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Astronomical Observatory of the Jagiellonian University


Astronomy Object of the Month: June 2024

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Cosmic Leap: Swift Satellite and AI unravel the distance of the farthest Gamma-Ray Bursts

An international team of astrophysicists has developed a novel machine learning technique to measure the distance to gamma-ray bursts, the most powerful explosions in the universe. The result was published in the Astrophysical Journal Letters (ApJL) and the Astrophysical Journal Supplement Series (ApJSS). The lead authors of these works are Dr. Maria Dainotti (Japan, NAOJ) and Mr. Aditya Narendra from the Astronomical Observatory of the Jagiellonian University, Poland.

Illustration: Gamma-Ray Bursts flow-chart scheme. Credit: The Authors.

Gamma-Ray Bursts (GRBs) are the most explosive phenomena in the Universe occurring after the Big Bang. In a few seconds, they release the same amount of energy our Sun releases in its entire lifetime. Because they are so explosive and bright, they can be observed at the edge of the visible Universe up to the time it was just 500 million years old. Looking at the Universe at such large distances opens the possibility of chasing the oldest stars that are extremely rare to observe and are thought to be the progenitors of GRBs.

GRBs are believed to occur in different ways. One is when a massive star, more than 30 times heavier than our Sun, reaches the end of its life, and explodes in a spectacular supernova. These are some of the brightest events in the known universe, and have been observed to give rise to a particular category of GRBs called Long GRBs. The second type of event which causes GRBs is called mergers. This is when the corpses of dead stars, such as neutron stars, come together gravitationally and collide with each other, releasing a huge amount of energy in a very short time. These events have been observed to lead to Short GRBs.

RBs are not only observed far away but also at close distances, and this allows us to understand how the stars evolve over time and how many GRBs can occur in a given space and in a given time. However, measuring the distance of GRBs is a very challenging task due to the paucity of Telescopes pointing to these serendipitous events and the limitations of other facilities. Thus, we need an indirect measurement of the distance, and this is where the Neil Gehrels Swift satellite data and machine learning come to help us.

An international team, led by Dr. Maria Dainotti, Assistant Professor at the National Astronomical Observatory of Japan, and Mr. Aditya Narendra, final year doctoral student at Jagiellonian University in Kraków, Poland, has developed a well-crafted machine learning methodology for inferring the distance to GRBs completely based on GRB properties which are not directly dependent on the distance.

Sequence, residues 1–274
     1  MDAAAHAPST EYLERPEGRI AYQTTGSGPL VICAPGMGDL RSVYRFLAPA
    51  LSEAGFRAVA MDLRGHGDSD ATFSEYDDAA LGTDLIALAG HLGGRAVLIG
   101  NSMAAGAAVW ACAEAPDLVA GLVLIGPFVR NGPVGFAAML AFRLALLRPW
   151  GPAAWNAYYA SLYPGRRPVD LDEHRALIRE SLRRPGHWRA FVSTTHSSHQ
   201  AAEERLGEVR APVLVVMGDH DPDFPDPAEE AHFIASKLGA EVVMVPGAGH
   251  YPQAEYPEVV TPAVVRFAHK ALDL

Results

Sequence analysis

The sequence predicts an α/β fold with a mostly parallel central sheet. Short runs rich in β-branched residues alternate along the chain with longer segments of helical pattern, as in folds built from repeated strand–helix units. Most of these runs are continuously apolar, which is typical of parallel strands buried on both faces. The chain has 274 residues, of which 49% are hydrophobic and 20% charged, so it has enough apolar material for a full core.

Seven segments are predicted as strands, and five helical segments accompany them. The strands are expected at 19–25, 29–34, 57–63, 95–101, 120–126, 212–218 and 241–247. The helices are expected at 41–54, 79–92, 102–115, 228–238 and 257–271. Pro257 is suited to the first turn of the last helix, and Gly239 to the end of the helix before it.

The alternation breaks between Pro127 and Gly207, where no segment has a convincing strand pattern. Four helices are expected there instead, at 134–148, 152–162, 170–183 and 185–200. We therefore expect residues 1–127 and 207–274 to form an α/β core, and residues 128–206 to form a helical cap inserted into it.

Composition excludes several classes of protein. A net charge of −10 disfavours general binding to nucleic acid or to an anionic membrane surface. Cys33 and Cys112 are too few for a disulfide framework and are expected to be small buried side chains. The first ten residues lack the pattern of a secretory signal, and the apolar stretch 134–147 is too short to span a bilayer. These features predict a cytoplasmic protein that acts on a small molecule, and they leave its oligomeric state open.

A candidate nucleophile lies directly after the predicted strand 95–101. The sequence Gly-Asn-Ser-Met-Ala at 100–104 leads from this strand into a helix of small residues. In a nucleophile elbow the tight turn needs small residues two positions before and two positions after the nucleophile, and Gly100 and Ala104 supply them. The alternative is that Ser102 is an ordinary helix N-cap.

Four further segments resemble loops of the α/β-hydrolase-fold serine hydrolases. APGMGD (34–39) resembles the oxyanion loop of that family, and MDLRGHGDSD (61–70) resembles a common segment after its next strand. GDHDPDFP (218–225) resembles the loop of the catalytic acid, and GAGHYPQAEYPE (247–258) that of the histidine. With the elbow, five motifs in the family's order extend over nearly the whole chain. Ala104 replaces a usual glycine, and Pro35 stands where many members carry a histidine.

The novelty of this approach is that, instead of using one machine learning model, they gather several methods together to improve the predictive power of these tools. This method is called Superlearner and assigns to each algorithm a weight whose values range from 0 to 1, and each weight corresponds to the predictive power of that singular method - says Dr. Dainotti. The advantage of the Superlearner is that the final prediction is always more performant than the singular models. Superlearner is also used to discard the algorithms which are the least predictive, for example, we set a threshold for accepting a model into our ensemble. This threshold is 0.05.

This increases the chances that the method can determine more precisely the distance of GRBs.

Because the SuperLearner can combine any machine learning model for creating the final ensemble, we can adapt the methodology depending on the data we are working with - explains Mr. Narendra. A crucial component of training the machine learning models is cross validation. This is a technique which mimics the real-life performance of a machine learning algorithm and thus gives us an accurate estimate of its performance.

Indeed, the team showed that the GRB rate does not follow the star formation rate at small distances, thus opening the possibility that the long duration GRBs at small distances may be generated not by a collapse of massive stars (with masses 30 times larger than the mass of the Sun) as it was previously assumed, but rather by the merger of very dense objects (neutron stars). This claim has been developed based on the Swift X-ray data by Dr. Vahe’ Petrosian, Professor at Stanford University and Dr. Dainotti, while the current paper confirms this for the optical data as well.

This research pushes forward the frontier in both Gamma-Ray astronomy and machine learning. Follow-up research and innovation can help astrophysicists achieve more precise results and, in the future, even address cosmological problems.

Original publication: Maria Giovanna Dainotti, Aditya Narendra, Agnieszka Pollo, Vahé Petrosian, Małgorzata Bogdan, Kazunari Iwasaki, Jason Xavier Prochaska, Enrico Rinaldi, David Zhou, Gamma-Ray Bursts as Distance Indicators by a Statistical Learning Approach, ApJL 967 L30 (2024).

The findings described are part of a study conducted in the Department of Stellar and Extragalactic Astronomy of the Jagiellonian University Astronomical Observatory in Kraków. A similar X-rays analysis using data by Swift is also published: Dainotti, M. G. et al. "Inferring the Redshift of More than 150 GRBs with a Machine-learning Ensemble Model." The Astrophysical Journal Supplement Series 271.1 (2024): 22, DOI: 10.3847/1538-4365/ad1aaf


Aditya Narendra
Astronomical Observatory
Jagiellonian University
Aditya.Narendra [@] doctoral.uj.edu.pl